Thursday, May 5, 2011

Officials Defend Fed's Stance on Inflation

Thursday, May 5, 2011

Two Federal Reserve officials defended the central bank's stance on inflation, arguing that food and energy price increases are likely to slow on their own and if the Fed were to try to hasten that it might do more harm than good.

"We are seeing a temporary bulge in inflation before we return to an underlying level of about 1.25 to 1.5% annually," said John Williams, president of the Federal Reserve Bank of San Francisco in his first public comments since being named to the post in March.

With his comments, Mr. Williams placed himself firmly in the camp of Fed Chairman Ben Bernanke, who believes that recent inflation increases will prove transitory and thus that the Fed can keep interest rates near zero. The Fed's policy, Mr. Williams said, wasn't the main factor driving commodities prices higher.

Another Bernanke loyalist, Eric Rosengren, president of the Federal Reserve Bank of Boston, said surging food and energy prices are largely due to supply shocks such as bad weather hurting food crops in Russia and Australia and political upheaval in the Middle East causing worries about the supply of oil. Since the mid-1980s, the connection between commodities price changes and overall inflation has waned, Mr. Rosengren said.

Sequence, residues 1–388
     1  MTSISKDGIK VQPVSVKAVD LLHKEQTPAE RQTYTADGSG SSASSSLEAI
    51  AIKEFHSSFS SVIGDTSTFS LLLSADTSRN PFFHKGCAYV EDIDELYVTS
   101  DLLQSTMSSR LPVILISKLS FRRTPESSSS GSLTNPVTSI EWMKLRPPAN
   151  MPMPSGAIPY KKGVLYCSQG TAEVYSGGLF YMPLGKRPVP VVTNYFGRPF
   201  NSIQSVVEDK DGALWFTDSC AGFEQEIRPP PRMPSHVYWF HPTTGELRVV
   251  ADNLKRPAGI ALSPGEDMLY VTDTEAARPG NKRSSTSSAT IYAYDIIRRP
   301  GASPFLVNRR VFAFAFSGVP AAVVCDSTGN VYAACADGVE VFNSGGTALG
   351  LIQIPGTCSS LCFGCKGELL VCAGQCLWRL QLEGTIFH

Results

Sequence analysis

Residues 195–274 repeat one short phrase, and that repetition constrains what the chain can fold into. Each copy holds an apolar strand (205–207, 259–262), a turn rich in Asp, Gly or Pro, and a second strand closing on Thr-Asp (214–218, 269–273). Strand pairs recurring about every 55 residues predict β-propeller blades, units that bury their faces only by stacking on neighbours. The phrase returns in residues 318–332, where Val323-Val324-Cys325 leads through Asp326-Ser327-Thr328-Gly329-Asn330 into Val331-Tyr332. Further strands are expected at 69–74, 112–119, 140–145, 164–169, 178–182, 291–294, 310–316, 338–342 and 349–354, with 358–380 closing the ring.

"If supply shocks tend to have a transitory impact on headline inflation, and do not pass through to any meaningful extent into core inflation, then monetary policy need not respond to the price increases caused by the supply shock," Mr. Rosengren argued. Accommodative monetary policy "can remain in place and continue to support economic growth."

In an interview following his comments, Mr. Rosengren said that when the time does come to tighten the easy money policies, it could be done in a very gradual way. The Fed sees inflation remaining below its unofficial target of 2% in 2012 and 2013, and because unemployment is still well below its goal of 5.2% to 5.6%. Because the economy will take such a long time to get back to normal, a gradual pace of tightening "would be just fine," he said.

The comments mark the beginning of what could be another flurry of commentary from Fed officials in the wake of a policy meeting last week in which the central bank decided to end its $600 billion bond-buying program in June. Mr. Bernanke held a news conference after the meeting in which he laid out the Fed's thinking on big issues like inflation and when it might start to raise interest rates.

Not everyone agrees with his stance. The Fed runs the risk of being complacent, Thomas Hoenig, president of the Federal Reserve Bank of Kansas City, told reporters Tuesday. Though Fed officials like Mr. Rosengren have said the public is confident that inflation will remain contained, Mr. Hoenig said he's not so sure that's the case. The Fed is placing great weight on its ability to maintain the public's confidence that inflation will remain low.

Mr. Hoenig said he's often asked about rising food and energy prices by individuals and business leaders, he said. "People are concerned about inflation," he said.

"We've got to start taking some steps to start to tighten monetary policy as we continue on through 2011 to make sure we don't allow inflation to get away from us," James Bullard, president of the St. Louis Fed, said in an interview last week.

—Luca Di Leo contributed to this article.

Write to Jon Hilsenrath at

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